Plagiarism, Fair Use, and You As a College Student

Works - things that are written down, recorded, or created as an image, whether text, audio, or still or motion graphics - are considered property. The right to reproduce a work, even for educational use, is defined and limited by copyright law, Title 17 of the United States Code. This page provides a few basic current information resources appropriate for both students and faculty as downloadable files or links. Things have changed dramatically in a very short time; please take copyright seriously.


UTM Brochures and Guides

Author rights

A brief discussion of issues involved when submitting material for publication

Copyright Notice

A public notice required to be displayed at publicly accessible photocopiers under the terms of the Code of Federal Regulations §201.14.

Copyright Term and the Public Domain

A table updated to January, 2008 showing when copyrighted works will enter public domain and are therefore free from copyright/permission requirements

Fair-use Guide to Classroom Copying

Helpful table illustrating balance between fair-use and permission issues. Intended for professors.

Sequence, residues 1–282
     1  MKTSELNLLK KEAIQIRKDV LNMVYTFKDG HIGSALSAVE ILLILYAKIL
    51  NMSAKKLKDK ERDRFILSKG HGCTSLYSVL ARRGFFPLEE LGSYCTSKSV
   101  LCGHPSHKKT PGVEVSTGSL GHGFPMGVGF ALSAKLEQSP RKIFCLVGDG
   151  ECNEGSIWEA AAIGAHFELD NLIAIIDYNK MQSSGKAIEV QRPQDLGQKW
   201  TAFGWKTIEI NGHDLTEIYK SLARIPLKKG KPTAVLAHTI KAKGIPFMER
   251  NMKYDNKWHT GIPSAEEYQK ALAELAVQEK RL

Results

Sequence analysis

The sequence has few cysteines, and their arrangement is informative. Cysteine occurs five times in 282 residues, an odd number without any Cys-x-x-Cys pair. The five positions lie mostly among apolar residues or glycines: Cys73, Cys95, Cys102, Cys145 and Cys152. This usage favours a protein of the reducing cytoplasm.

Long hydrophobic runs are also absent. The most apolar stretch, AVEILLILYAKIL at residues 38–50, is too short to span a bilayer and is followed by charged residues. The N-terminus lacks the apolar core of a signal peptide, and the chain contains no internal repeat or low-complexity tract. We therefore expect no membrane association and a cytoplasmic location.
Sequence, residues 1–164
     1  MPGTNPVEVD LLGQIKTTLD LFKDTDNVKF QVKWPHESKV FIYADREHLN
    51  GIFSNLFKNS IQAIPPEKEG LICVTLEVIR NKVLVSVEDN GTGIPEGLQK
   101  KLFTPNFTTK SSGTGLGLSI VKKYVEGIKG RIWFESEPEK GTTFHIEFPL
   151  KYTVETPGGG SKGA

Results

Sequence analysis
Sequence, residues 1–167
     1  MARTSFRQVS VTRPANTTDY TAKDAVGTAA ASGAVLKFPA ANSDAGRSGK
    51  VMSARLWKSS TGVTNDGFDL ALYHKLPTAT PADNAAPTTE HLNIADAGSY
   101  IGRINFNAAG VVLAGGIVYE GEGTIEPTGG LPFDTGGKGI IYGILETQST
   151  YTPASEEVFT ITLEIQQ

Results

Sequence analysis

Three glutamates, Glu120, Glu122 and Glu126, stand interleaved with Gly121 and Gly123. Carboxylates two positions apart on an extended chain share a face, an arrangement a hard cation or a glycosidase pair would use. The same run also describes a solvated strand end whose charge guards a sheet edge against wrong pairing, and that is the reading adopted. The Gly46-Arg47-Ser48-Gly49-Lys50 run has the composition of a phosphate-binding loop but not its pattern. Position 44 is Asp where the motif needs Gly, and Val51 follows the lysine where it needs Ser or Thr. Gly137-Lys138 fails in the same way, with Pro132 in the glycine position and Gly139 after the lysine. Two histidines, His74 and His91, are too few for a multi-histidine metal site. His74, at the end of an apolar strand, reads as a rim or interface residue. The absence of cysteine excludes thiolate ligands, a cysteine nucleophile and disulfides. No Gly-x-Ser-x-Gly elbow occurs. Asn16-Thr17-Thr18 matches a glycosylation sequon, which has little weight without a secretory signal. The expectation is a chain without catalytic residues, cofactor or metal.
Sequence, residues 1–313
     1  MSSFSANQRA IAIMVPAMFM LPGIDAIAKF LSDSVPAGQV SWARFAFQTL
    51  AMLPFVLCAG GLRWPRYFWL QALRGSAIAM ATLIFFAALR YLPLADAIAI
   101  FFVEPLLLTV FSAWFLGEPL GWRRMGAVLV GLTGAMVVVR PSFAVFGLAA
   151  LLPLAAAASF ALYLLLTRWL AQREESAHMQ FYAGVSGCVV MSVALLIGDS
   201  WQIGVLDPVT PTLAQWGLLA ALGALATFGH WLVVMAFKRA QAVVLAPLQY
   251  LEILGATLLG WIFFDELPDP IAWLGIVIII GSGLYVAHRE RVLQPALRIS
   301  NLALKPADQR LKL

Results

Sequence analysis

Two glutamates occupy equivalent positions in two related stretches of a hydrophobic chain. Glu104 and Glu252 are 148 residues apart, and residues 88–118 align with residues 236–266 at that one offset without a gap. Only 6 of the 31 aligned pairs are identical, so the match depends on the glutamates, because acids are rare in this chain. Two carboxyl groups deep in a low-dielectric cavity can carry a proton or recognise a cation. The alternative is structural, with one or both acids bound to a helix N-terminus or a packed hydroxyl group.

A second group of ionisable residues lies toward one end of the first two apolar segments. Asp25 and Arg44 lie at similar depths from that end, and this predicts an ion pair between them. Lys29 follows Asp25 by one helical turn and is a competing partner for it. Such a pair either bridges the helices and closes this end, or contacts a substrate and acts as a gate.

File Sharing

An updated warning about the legal issues behind file sharing. Compiled specifically for UTM students but relevant for anyone.

How to Recognize and Avoid Plagiarism

UTM Guide to Copyright

General brochure discussing basic copyright concerns including exemptions to copyright (including the TEACH Act for distance education), infringement, and cyberspace.


Quick Reference

Under the case law is shifting quickly away from fair-use and toward permissions for anything besides personal information and research, including education. Permission should be sought for any item accessible in Blackboard. A good guide to the permissions process may be found in the current Chicago Manual of Style, available at the Paul Meek Library reference desk.


When making a permission request:

  • be clear - state precisely what material you wish to use, how it will be used, and what sort of permission you want and for how long.
  • keep a hard copy of every action and contact with a rights holder
  • be certain to include a legal copyright notice and full citation on ANY item you distribute to students



UT General Counsel

University statements and policies involving faculty and students, including resource links.


U.S. Copyright Office

Information, helps, registration forms for materials in various formats, and copyright holder research. Can be used by individuals.


Copyright Clearance Center

The national clearinghouse for most commercial rights holders in the U.S. (both books and journals), and the official representative to foreign rights holders as well. Can be used by individuals.


Creative Commons

Creative Commons advocates an international standard for granting permission for others to use your work on terms you set. Can be used by individuals.


WATCH file

Writers And Their Copyright Holders, a joint project providing data about who controls copyright of literary figures.